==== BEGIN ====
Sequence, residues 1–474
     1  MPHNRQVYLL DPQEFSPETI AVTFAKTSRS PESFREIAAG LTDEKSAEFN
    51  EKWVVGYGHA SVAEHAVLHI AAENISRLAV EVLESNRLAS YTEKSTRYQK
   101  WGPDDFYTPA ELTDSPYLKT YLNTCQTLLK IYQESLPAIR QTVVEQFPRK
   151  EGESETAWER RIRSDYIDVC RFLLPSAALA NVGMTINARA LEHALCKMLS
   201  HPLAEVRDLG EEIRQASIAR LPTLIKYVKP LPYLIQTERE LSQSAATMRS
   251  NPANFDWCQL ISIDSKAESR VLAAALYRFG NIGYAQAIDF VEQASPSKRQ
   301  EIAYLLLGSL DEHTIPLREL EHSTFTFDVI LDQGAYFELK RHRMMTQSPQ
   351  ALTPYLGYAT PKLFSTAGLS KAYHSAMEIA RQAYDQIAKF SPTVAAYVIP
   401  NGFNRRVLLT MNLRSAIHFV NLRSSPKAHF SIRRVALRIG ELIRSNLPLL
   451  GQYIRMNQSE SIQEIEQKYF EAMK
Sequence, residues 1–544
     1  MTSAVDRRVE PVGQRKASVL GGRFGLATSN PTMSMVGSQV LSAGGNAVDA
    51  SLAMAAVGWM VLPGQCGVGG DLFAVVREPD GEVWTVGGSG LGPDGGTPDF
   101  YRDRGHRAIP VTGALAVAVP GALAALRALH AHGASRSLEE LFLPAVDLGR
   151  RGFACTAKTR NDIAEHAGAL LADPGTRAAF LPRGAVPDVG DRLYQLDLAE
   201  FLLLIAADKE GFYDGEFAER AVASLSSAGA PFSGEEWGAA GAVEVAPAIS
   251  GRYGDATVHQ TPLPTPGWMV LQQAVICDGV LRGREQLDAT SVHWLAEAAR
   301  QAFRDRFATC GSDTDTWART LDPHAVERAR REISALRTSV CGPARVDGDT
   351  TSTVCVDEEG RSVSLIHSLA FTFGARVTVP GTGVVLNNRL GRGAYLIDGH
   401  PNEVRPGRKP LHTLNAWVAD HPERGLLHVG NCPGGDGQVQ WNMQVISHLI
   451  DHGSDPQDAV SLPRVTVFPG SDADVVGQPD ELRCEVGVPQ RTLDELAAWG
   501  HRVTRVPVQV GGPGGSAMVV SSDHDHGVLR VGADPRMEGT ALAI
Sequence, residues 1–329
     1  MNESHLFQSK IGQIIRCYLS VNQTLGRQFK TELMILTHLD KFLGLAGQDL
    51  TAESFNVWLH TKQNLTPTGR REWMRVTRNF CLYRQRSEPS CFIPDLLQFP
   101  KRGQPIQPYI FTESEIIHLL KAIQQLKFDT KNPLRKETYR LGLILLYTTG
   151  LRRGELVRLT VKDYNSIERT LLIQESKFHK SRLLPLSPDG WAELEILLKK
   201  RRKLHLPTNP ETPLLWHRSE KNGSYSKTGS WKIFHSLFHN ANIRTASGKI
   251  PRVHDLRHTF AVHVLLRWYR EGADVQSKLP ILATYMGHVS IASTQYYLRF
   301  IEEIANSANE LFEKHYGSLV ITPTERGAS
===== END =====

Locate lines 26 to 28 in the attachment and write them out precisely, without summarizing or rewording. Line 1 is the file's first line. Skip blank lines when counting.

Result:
    51  TAESFNVWLH TKQNLTPTGR REWMRVTRNF CLYRQRSEPS CFIPDLLQFP
   101  KRGQPIQPYI FTESEIIHLL KAIQQLKFDT KNPLRKETYR LGLILLYTTG
   151  LRRGELVRLT VKDYNSIERT LLIQESKFHK SRLLPLSPDG WAELEILLKK